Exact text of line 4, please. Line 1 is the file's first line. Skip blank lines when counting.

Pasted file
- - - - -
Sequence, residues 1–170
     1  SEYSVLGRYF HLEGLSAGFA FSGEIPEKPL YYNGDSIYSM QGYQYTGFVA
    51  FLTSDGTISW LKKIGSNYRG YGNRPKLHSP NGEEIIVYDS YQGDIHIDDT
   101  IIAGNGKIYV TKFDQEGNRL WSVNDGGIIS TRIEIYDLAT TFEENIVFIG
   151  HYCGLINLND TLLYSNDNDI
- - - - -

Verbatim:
   101  IIAGNGKIYV TKFDQEGNRL WSVNDGGIIS TRIEIYDLAT TFEENIVFIG